The armies of NATO countries sometimes referred to the SU-122-54 as the IT-122 (Istrebitel Tank) - tank fighter, 122mm calibre), and indeed the SU-122-54 was by definition an IT vehicle; however in Soviet Army service it was designated SU-122, and latterly SU-122-54.
The SU-122-54 was primarily deployed in Belorussia (today the Republic of Belarus) and Ukraine, though even today, the exact deployment of the SU-122-54 remains unclear.
For more than three decades, all the intelligence services of NATO knew of the SU-122-54 was that it was, or had been, in service with the Soviet Army, but whether operationally or issued to the Soviet Army as an oversized establishment lot for evaluation purposes was also a matter of conjecture.
There was much speculation as to the operational deployment of the SU-122-54 but no hard evidence other than the aforesaid single picture of a bogged-down SU-122-54 being recovered. There were also glimpses of ‘TOP’ ARV conversions in later years, as the converted emergency recovery vehicles were positioned at the entrance to Moscow’s Red Square during annual November 7 military parades.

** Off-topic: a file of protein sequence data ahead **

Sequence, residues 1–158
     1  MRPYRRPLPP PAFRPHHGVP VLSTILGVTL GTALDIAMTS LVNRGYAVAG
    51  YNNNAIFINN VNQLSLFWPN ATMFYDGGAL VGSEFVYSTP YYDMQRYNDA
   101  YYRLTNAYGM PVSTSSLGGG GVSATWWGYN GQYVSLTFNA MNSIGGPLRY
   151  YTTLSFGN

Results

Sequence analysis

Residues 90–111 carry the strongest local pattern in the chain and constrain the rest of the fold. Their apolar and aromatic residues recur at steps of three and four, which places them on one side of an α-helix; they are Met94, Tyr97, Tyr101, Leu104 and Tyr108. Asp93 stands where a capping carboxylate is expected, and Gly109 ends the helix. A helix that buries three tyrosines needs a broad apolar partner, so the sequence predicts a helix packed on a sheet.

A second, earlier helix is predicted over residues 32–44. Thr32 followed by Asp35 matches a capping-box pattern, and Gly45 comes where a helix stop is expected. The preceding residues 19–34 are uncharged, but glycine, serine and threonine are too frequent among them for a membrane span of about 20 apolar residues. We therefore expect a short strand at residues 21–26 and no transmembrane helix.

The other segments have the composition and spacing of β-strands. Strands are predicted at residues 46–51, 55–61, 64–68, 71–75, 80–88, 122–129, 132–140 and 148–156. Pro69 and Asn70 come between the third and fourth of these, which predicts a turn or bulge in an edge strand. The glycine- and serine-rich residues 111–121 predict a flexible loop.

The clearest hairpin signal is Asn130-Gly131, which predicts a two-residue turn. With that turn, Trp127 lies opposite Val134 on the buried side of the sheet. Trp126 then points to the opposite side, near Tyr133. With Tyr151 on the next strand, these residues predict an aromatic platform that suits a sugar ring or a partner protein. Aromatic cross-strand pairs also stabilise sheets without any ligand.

Only two SU-122-54s have survived to the present day, one located at the Kubinka museum and the other in the city of Krasnodar, but otherwise the vehicle has slipped from the radar screen where it had barely appeared during the cold war.
The SU-122-54 was an advanced design for the 1950s, armed with powerful armament providing long-range accuracy, due in part to the use of a purpose-designed stereoscopic rangefinder. It was well armoured, and had good mobility.
From the mid 1960s however, it became apparent that the standard Br-471B anti-tank round used with the SU-122-54 was incapable of penetrating the hull frontal or turret armour of the American M-60 or the new British Chieftain tank, even at close range. Nor was it capable of penetrating the hull or turret frontal armour of the older American M-48A2 at ranges over 100m, which by late 1960s standards rather defeated the purpose of a long-range tank destroyer.